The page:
Once again, I am teaching Modernity in Literature. At this point, our class is learning about World War I by reading the World War I poets and also some very good essays about the time of the war.
We just considered Philip Larkin's 1960 poem "MCMXIV" in which he describes the line of young men waiting to sign up to fight in the war. That's where the photo comes in. No one then had a clue that the war would last four terrible years, would kill 10 million British soldiers, and would change everyone's view of the world.
One of the essays I assigned was written one hundred years after the beginning of World War I, in 2013, by Margaret Macmillan. She called her essay "The Rhyme of History" after an observation by Mark Twain:
History never repeats itself, but it rhymes.
That really struck me. She goes on to comment:
past cannot provide us with clear blueprints for how to act, for it offers such
a multitude of lessons that it leaves us free to pick and choose among them to
suit our own political and ideological inclinations. Still, if we can see past
our blinders and take note of the telling parallels between then and now, the
ways in which our world resembles that of a hundred years ago, history does
give us valuable warnings.
Much of what she says about the first seven months of 1914 made me think about our present situation. It's certainly not the same, but I think it does rhyme:
More quotes from her essay:
...The decades leading up to 1914 were, like our own time, a period of dramatic shifts and upheavals, which those who experienced them thought of as unprecedented in speed and scale.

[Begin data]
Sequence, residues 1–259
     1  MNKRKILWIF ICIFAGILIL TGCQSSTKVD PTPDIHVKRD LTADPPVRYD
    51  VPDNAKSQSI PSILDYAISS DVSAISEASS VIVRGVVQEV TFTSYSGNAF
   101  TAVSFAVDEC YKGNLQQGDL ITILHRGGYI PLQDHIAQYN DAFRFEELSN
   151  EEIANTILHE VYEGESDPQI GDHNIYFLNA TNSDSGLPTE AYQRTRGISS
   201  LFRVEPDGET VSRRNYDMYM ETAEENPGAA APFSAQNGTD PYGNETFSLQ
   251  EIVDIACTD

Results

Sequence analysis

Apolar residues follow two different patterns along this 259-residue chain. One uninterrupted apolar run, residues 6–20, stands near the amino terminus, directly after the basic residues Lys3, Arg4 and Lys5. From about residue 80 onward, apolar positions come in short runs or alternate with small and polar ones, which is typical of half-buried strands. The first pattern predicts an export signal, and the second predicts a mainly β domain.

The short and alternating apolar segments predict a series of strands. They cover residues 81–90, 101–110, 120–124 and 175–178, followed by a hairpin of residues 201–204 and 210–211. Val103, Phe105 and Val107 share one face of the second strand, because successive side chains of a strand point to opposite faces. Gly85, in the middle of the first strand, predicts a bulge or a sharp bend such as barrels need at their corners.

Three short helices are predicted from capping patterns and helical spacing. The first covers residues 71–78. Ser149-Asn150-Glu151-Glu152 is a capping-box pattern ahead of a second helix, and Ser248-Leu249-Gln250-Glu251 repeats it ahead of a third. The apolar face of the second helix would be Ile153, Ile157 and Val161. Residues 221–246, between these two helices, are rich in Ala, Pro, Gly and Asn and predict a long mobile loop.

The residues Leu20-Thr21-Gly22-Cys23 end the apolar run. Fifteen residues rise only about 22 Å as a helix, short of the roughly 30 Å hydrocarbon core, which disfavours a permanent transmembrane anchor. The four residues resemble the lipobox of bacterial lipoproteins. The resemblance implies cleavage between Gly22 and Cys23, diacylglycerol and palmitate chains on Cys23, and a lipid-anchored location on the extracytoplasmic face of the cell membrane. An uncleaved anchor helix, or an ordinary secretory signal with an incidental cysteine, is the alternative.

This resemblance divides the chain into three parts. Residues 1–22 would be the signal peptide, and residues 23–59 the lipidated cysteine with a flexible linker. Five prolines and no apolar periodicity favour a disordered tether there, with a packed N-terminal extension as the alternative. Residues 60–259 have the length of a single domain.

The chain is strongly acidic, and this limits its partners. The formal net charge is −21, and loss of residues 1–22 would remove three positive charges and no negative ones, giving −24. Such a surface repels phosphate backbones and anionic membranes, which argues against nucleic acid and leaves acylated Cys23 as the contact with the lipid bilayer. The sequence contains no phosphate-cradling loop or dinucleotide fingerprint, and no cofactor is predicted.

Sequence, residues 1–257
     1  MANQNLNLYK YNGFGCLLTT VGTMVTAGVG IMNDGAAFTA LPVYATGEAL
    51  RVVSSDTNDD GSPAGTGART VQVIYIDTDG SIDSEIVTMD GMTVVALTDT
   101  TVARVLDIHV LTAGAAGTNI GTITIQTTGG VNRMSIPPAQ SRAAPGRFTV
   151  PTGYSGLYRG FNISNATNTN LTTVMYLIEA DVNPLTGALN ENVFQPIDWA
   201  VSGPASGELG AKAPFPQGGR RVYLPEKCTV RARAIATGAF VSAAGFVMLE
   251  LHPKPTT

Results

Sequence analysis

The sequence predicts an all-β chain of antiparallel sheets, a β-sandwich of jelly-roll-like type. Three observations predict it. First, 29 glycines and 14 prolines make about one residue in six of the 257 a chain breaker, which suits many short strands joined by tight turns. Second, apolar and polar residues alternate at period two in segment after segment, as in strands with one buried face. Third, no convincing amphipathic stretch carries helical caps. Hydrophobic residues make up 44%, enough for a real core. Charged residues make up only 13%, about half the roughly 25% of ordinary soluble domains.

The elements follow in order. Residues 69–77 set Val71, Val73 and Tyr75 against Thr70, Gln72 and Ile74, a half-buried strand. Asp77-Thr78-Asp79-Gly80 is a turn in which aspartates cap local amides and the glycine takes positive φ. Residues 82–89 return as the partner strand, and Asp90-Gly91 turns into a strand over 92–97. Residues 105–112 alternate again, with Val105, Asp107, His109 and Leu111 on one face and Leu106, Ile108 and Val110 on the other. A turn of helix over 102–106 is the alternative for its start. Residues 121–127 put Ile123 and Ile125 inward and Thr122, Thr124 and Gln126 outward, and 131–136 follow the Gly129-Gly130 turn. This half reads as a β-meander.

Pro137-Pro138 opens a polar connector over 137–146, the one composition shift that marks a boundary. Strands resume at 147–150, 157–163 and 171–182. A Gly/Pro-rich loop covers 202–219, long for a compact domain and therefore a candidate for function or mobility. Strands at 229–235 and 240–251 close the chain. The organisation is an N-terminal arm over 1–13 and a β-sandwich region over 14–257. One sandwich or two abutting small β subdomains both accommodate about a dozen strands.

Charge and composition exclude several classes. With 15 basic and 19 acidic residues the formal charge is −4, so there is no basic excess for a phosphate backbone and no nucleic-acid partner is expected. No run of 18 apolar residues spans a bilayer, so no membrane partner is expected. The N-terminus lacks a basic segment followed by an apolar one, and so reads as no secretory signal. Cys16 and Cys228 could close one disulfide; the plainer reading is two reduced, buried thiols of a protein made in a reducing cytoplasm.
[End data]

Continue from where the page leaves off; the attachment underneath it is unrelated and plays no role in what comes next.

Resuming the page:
...Then, as now, there was a huge expansion in global trade and investment. And then as now waves of immigrants were finding their way to foreign lands—Indians to the Caribbean and Africa, Japanese and Chinese to North America, and millions of Europeans to the New World and the Antipodes.
...What they failed to see was the downside of interdependence. In Europe a hundred years ago the landowning classes saw their prosperity undermined by cheap agricultural imports from abroad and their dominance over much of society undercut by a rising middle class and a new urban plutocracy. As a result, many of the old upper classes flocked to conservative, even reactionary, political movements. In the cities, artisans and small shopkeepers whose services were no longer needed were also drawn to radical right-wing movements. Anti-Semitism flourished as Jews were made the scapegoat for the march of capitalism and the modern world.
The world is witnessing unsettling parallels today. Across Europe and North America, radical right-wing movements like the British National Party and the Tea Party provide outlets for the frustration and fears that many feel as the world changes around them and the jobs and security they had counted on disappear. Certain immigrants—such as Muslims—come to stand in as the enemy in some communities.
...Globalization can also have the paradoxical effect of fostering intense localism and nativism, frightening people into taking refuge in the comfort of small, like-minded groups. One of the unexpected results of the Internet, for example, is how it can narrow horizons so that users seek out only those whose views echo their own and avoid websites that might challenge their assumptions.
Globalization also makes possible the widespread transmission of radical ideologies and the bringing together of fanatics who will stop at nothing in their quest for the perfect society. In the period before World War I, anarchists and revolutionary socialists across Europe and North America read the same works and had the same aim: to overthrow the existing social order.
I could go on. The essay is complex and thought-provoking. She's concerned about the tense relationship between the US and China, but in the four years since the essay was written, it is Russia and Putin who have emerged as more of a threat... not to mention ISIS . And, of course,
Mikhail Gorbachev: 'It All Looks as if the World Is Preparing for War'
That headline appeared in Time Magazine over a January 26 essay by the former leader of the Soviet Union.
While I am teaching about Great Britain and Europe in the first three decades of the twentieth century, I can't help wondering if the citizens of our own country ( myself included) are blithely bumbling along in our comfort zone, unaware of what could be looming ahead.